Feminism, to me and to most I know, is an optimistic outlook. The dour sourpusses of popular mythology are just not creatures I recognise from my involvement with feminism. As far as I can see, feminism is just one of the movements associated with social progress, and that social progress is happening – slowly, but it’s moving. You don’t need to be a history professor to look back at minority rights throughout the centuries and to look at the two-steps-forward-one-step-back pattern that has occurred for women, for workers, for BME people, for QUILTBAG people… the list goes on. People who are engaged in social movements, whether that’s feminism or whether that’s the struggle for workers’ rights, are optimists. We see a society that is, yes, progressing, and we say – there can be more. We’re not done yet. Equality for all people is possible, and we won’t be satisfied with less.
So I was surprised, to put it mildly, to see how feminism is being taught at Oldham Sixth Form College. A little Twoutrage has led to the pages being taken offline – super – but here’s the cached image:
Much of this is Just Plain Wrong (their definitions of patriarchy and separatism, for a start), but it was the tone that appalled. Many feminists are NEGATIVE and see the BAD in things? Really, no. If we saw only the bad in things, if we saw only the negative, we wouldn’t bother, because it would be howling into a pointless void of unchangeable negativity. It’s because we see the unbounded potential for improvement – an inherently optimistic outlook – that we don’t just jack it all in and content ourselves with our allocated woman’s lot.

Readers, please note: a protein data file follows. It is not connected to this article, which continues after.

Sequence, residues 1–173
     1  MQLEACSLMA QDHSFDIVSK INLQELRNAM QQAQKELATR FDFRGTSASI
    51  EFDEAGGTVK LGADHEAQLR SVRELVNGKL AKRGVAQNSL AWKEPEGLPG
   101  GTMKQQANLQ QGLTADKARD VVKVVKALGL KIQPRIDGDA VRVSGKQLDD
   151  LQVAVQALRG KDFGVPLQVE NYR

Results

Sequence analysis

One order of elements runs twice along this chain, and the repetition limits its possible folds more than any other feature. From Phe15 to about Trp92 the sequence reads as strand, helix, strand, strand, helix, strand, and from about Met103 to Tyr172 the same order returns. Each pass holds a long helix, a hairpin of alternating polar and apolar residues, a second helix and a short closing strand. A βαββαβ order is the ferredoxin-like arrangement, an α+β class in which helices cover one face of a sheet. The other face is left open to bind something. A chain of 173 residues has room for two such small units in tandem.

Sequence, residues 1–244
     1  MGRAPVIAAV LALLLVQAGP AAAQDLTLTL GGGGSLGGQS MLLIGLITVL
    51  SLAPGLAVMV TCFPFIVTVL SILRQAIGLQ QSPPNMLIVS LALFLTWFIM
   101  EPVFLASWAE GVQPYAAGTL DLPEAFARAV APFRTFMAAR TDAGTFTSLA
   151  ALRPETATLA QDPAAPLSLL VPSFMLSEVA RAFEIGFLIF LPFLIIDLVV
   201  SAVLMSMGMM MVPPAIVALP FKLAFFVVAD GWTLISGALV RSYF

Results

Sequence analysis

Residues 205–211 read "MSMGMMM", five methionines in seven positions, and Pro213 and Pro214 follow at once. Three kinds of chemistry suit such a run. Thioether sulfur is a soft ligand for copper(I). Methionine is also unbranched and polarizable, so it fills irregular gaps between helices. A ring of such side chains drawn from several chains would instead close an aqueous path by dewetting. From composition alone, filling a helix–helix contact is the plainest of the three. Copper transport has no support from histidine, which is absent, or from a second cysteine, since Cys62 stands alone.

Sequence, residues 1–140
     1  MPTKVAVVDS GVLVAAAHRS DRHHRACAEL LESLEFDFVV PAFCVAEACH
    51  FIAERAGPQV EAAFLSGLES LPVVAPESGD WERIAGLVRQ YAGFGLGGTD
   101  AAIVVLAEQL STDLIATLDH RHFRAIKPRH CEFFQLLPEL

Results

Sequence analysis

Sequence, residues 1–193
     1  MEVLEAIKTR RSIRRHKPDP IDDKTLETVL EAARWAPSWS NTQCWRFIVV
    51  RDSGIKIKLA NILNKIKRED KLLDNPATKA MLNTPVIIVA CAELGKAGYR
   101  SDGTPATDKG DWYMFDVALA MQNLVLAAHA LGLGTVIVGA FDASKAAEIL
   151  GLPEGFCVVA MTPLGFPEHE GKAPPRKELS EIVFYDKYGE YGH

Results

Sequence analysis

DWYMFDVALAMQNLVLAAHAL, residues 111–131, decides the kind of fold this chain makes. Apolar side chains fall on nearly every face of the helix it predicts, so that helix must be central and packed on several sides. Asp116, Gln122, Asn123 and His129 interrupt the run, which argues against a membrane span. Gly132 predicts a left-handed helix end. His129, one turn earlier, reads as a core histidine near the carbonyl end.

That’s not to say that a good A level sociology course would look at feminist theory uncritically. Of course there is room to analyse the successes and failures of the feminist movement, as there is of any social progress movement, from the Chartists to Occupy. But the snippet above doesn’t attempt any meaningful analysis, it’s not well written, and it doesn’t provide an unbiased basis on which the student can build research and form their own opinion. It looks more like the ramblings of a disgruntled internet commenter, designed not to foment debate or inspire research but to put young people off feminism altogether.
Sixth formers should expect better than this from those who teach them. If any sixth form aspiring sociologists would like to know more about feminist theory or the feminist movement, the sort that might actually help them with their coursework, I will happily recommend books and sites.